Keywords allow you to construct a search that reflects multiple issues in your research question. Building sets of related concepts and looking for their overlaps gives you more relevant and precise results. This approach is called Boolean searching using the operators (AND, OR, NOT).
For example, a search for old age AND health care will return items that contain both of the concepts:
older OR elderly returns items that contain either one of the terms or both:
medicare NOT medicaid returns items that discuss the health program for the elderly but do not mention Medicaid:
Enclose phrases in quotations marks. This is an important strategy for getting exact results when searching phrases (e.g., "american anthropological association") or conducting known-item searches for titles.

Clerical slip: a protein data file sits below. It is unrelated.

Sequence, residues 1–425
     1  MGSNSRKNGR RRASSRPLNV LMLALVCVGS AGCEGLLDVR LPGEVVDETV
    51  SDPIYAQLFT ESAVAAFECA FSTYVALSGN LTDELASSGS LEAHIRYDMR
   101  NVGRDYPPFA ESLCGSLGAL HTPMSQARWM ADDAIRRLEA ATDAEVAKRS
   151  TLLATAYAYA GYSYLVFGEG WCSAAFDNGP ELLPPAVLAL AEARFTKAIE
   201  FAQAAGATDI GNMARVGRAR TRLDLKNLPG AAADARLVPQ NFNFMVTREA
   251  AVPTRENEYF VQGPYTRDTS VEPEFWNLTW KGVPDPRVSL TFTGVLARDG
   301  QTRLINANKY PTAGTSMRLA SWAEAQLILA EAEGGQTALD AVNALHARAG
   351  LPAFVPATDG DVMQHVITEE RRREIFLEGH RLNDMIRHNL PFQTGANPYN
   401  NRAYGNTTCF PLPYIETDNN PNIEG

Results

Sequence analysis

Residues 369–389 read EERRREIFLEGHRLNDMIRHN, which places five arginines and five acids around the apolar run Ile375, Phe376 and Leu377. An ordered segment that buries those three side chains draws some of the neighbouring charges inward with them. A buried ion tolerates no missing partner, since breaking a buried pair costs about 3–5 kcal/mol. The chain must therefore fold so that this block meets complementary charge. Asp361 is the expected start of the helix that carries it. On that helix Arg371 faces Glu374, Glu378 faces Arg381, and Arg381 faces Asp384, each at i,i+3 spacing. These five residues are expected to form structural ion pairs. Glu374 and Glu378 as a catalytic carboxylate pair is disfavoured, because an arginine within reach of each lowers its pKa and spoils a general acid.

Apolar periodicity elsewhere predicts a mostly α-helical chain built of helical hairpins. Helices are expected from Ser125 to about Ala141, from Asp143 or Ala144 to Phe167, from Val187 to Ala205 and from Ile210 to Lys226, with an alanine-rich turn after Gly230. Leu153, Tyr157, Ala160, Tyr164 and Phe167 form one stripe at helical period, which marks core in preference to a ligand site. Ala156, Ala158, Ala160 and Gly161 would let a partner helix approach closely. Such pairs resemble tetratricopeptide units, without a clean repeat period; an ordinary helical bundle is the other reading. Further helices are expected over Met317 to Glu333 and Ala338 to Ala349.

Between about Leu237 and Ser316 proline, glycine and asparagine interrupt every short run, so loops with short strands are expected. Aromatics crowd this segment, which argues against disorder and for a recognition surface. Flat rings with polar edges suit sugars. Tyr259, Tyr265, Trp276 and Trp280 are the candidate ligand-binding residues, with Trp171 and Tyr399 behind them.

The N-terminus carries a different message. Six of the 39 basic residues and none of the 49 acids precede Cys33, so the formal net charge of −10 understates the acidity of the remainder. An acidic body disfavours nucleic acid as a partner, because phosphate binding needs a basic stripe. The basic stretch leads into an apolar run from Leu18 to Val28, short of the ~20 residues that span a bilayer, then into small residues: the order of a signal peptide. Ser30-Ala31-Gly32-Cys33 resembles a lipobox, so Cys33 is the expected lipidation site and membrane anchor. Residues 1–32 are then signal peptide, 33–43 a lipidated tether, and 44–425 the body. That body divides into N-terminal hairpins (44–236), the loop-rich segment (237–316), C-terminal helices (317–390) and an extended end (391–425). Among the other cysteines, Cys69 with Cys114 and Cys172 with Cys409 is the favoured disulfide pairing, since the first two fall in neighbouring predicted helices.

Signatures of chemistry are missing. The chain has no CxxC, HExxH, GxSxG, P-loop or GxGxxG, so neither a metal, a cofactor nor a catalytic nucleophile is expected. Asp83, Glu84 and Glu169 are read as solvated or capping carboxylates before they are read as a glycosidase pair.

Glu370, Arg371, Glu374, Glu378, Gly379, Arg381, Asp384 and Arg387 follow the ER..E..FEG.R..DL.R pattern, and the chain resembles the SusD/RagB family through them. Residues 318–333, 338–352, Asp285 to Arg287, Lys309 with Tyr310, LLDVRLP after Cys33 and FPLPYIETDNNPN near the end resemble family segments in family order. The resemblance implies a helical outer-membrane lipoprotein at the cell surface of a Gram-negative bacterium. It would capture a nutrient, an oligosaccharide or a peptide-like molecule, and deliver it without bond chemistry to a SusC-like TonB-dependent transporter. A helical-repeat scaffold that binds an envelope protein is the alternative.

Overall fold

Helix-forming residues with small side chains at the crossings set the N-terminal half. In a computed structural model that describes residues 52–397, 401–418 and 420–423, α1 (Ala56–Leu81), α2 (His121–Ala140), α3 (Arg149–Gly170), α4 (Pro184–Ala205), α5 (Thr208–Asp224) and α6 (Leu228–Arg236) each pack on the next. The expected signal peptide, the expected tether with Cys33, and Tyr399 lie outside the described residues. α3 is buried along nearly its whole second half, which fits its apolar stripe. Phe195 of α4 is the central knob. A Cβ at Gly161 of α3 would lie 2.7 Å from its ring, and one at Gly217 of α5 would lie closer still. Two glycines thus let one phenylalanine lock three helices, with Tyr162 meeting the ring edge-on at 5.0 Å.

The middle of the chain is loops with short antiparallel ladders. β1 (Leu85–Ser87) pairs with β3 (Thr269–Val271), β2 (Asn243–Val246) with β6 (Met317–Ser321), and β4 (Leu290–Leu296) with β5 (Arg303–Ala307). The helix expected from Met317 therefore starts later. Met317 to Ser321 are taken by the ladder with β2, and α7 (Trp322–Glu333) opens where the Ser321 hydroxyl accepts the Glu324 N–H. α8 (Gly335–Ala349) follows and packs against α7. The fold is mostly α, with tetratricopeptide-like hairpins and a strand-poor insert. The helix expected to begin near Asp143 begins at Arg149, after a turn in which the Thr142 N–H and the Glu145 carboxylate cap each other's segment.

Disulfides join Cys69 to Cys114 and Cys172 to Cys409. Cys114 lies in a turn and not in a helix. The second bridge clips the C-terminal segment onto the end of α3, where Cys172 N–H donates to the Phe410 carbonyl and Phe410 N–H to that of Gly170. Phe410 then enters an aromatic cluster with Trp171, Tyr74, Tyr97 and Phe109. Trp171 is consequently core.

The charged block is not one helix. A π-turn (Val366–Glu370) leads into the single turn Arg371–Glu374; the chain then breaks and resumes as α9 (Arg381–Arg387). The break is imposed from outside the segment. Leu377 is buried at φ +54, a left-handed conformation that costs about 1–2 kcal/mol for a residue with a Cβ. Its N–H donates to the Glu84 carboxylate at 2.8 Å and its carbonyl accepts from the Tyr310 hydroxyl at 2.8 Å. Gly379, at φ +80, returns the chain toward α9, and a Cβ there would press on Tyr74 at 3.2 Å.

Truncation and Wildcards:
Most catalogs and databases enable users to search variations of keywords by using truncation (*) or wildcard (e.g., ?, $, !) symbols.
For example, one could search for politic* to find poltic, politics, political, politicians, and so on.
Wildcard searches are for differences within words: a search for wom?n will return results for woman, women, and womyn.
When pairing two or more keywords with another keyword, it is important to "nest" the former terms within a larger Boolean search.
For example, (older OR elderly OR aged OR aging) AND (politic* OR economic*) will return results for the union of the two subject areas.